It is also possible however to adjust the CCD receiver and the illumination grid with respect to one another in such fashion that the light dots imaged in the plane of the CCD receiver fall between the photosensitive areas of the CCD receiver. In this case, during focusing, intensity minima are created for those object points whose reflecting surfaces lie precisely in the focal plane. With a special design for the CCD receiver, for example with relatively small-area non-photosensitive areas between the pixels, this effect can be reinforced even further.
Finally, an inverse illumination grid is also possible; in other words the grid imaged in the focal plane and in the 15 plane conjugate to the focal plane does not consist of bright light dots but of a bright surface with a grid-shaped arrangement of small dark zones. An illumination grid of this kind, which consists for example of a layer illuminated by the light source with non-translucent zones, in the case of a CCD receiver with small photosensitive areas on which the dark zones are imaged, likewise yields intensity minima for those object points whose reflecting surfaces lie precisely in the focal plane.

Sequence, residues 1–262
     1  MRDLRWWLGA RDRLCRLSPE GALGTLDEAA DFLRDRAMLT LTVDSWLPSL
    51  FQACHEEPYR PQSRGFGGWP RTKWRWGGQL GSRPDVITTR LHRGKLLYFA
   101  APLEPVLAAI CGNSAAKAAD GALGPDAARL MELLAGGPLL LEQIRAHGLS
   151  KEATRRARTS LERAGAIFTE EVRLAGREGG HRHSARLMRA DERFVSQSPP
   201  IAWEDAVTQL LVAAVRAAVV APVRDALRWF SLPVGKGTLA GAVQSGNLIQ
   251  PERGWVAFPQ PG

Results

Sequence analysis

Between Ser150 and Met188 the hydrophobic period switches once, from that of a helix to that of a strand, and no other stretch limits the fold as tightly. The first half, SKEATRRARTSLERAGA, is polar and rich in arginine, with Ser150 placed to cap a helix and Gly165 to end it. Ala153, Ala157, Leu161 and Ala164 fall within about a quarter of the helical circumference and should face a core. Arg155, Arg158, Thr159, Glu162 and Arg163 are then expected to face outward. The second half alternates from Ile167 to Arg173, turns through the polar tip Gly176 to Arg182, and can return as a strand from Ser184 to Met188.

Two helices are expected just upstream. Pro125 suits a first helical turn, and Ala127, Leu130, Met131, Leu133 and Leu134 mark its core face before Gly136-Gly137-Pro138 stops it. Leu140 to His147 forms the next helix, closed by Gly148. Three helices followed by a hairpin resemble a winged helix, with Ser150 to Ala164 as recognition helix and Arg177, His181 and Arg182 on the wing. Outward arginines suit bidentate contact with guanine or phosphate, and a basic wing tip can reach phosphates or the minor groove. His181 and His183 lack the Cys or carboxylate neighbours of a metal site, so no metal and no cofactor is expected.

In another advantageous embodiment, the illumination grid is produced by a lens array which images an approximately punctuate light source several times in a grid-shaped arrangement in an illumination plane.
In another advantageous embodiment, the illumination grid is produced by the fact that a diaphragm illuminated by a light source is imaged several times in a grid-shaped arrangement in an illumination plane. In this case also, an inverse illumination grid can be produced for example by virtue of the fact that the diaphragm has a center which is not translucent.
In an especially advantageous embodiment, the illumination grid is produced by a light source array. This can be composed for example of individual LEDs or produced by integrated technology. In both cases it is especially advantageous to design the arrays and their voltage supply in such a way that either each individual light source or a certain number of the light sources can be turned on and off independently of the others. The size of the illumination grid can then be varied and different depth resolutions can be set.
A variable illumination grid can also be produced by making the transmission of partial areas of the illumination grid variable. In addition, the illumination grid can be a liquid crystal matrix illuminated from behind.
To record the height-selective overviews described above, it is advantageous to provide an adjusting device which makes it possible to adjust the focal plane with the images of the light dots at different layer depths in the object.